Horst D. Deckert

Big Brother in Training? How Proposed Legislation Might Pave The Way For Online Age Verification And Digital ID

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New child safety bills spark concerns over potential federal push for sweeping digital IDs.

Bipartisan legislative efforts are underway in the US House of Representatives to adopt new versions of two laws originally drawn up to deal with the safety of youth online.

But the fear is that the bills introduced now – H.R.7891, the Kids Online Safety Act (KOSA), and H.R. 7890, the Children and Teens Online Privacy Protection Act (COPPA) 2.0 – will facilitate implementation of a future sweeping age verification and digital ID push.

These concerns are raised because KOSA is directing the secretary of commerce, together with the Federal Communications Commission (FCC) and the Federal Trade Commission (FTC) to conduct a study “evaluating the most technologically feasible methods and options for developing systems to verify age at the device or operating system level.”

At this stage of the proceedings, the study will not be used to mandate that platforms implement “an age gating or age verification functionality” – however, once the authorities have at their disposal the technical solutions to do it, some observers expect it could be used for a more aggressive legislative push at the federal level later on.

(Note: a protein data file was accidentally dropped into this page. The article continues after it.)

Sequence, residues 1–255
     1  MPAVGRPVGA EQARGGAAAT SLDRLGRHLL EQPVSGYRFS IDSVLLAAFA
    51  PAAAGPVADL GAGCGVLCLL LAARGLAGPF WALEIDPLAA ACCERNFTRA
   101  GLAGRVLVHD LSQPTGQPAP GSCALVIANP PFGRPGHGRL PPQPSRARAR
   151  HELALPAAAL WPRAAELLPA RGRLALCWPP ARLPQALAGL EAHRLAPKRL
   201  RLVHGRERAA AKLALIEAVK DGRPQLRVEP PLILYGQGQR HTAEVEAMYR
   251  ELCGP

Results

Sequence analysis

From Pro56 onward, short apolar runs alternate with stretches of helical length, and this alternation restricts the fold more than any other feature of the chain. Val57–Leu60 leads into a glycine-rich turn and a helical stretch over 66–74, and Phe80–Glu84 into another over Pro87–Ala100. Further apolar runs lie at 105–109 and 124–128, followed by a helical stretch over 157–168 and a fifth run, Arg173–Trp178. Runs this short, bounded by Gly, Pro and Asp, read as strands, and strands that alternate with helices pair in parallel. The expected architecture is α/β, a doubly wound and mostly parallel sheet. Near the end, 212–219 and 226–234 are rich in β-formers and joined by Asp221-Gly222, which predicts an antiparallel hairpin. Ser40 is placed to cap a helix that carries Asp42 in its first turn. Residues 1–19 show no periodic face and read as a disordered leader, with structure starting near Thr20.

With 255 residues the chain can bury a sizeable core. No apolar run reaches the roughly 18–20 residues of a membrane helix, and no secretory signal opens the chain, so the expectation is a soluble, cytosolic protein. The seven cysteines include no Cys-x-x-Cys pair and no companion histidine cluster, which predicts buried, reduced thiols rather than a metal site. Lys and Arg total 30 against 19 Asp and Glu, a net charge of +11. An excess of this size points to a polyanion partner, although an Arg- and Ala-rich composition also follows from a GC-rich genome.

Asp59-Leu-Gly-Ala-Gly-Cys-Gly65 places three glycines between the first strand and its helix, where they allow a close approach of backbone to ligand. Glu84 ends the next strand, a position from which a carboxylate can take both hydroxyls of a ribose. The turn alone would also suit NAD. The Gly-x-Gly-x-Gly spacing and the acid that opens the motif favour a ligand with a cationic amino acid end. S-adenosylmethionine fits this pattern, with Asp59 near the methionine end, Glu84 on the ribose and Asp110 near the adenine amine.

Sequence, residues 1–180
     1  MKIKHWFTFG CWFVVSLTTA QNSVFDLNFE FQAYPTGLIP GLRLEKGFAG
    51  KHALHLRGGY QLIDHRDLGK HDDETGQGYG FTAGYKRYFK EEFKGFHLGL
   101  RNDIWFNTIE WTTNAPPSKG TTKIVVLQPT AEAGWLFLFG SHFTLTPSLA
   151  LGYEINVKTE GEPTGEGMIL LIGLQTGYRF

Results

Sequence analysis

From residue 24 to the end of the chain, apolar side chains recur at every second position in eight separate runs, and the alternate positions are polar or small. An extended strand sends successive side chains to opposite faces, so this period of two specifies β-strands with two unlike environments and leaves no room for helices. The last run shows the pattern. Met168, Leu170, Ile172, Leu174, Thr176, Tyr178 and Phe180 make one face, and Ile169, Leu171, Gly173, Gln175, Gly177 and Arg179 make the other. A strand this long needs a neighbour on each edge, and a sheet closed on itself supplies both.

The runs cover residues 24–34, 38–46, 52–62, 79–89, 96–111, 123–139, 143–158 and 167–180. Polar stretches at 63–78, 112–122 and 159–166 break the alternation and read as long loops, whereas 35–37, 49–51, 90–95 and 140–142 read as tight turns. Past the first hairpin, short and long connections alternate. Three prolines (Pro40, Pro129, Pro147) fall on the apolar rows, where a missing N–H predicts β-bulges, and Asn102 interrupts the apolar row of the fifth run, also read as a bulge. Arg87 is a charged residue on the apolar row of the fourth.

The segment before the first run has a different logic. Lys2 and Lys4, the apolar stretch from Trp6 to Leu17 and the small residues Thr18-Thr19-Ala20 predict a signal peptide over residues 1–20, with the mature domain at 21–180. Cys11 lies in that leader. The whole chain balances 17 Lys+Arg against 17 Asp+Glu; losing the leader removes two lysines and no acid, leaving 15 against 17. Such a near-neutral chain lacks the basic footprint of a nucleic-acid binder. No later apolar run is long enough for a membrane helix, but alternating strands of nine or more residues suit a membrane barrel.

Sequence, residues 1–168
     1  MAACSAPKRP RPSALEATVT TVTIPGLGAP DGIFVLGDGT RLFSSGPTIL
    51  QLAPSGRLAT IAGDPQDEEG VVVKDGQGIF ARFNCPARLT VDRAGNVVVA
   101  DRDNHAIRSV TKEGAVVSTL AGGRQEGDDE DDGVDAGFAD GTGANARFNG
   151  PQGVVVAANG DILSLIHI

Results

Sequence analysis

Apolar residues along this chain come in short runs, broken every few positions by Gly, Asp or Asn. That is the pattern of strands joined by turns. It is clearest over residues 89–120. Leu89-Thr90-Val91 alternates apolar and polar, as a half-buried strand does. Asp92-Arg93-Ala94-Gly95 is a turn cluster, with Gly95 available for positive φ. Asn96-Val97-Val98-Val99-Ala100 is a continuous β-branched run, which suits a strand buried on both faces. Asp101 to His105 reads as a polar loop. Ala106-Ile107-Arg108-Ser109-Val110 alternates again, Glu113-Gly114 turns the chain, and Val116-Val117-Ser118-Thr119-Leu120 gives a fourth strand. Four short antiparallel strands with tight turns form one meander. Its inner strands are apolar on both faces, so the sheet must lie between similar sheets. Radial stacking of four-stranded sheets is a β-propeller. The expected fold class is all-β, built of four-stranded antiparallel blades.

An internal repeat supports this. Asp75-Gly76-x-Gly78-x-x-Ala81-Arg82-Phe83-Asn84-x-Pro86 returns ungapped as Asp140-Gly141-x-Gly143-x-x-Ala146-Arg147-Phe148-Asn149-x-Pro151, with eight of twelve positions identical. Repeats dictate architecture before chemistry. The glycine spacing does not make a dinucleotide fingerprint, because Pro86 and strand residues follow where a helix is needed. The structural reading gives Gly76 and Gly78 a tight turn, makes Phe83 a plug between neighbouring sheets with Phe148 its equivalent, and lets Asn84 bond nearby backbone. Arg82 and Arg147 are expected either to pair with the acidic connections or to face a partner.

The key difference between the existing Senate version of KOSAand the proposed House bill is found under the “care of duty” component, with the House text now defining that to apply to “high impact online companies” with $2.5 billion or more annual revenue, and 150+ million global monthly active users over at least three months of the preceding year.

The Senate version refers to platforms “reasonably likely to be used by a minor” (employing 500 or more people, with gross annual revenue of $50 million or more).

Related: Florida Lawmakers Pass Social Media Age Verification Online ID Law, Ignoring Constitutional Concerns

Regarding the way COPPA’s new version could pave the way for more expansive age verification online, it seeks to impose new forms of data collection restrictions concerning minors, and also shield them from targeted advertising.

But for that to be achieved, platforms will have to find a way to verify users’ age. At the same time, COPPA 2.0 states that the bill will not require platforms to “implement an age gating or age verification functionality.”

The bills were introduced by Representative Kathy Castor as a “landmark” regarding the protection of data privacy. Castor at the same time accused apps and platforms of “exploiting our kids and causing harm” and Big Tech of resorting to “manipulative and dark practices” – but did not specifically address the issue of age verification while announcing the bills.


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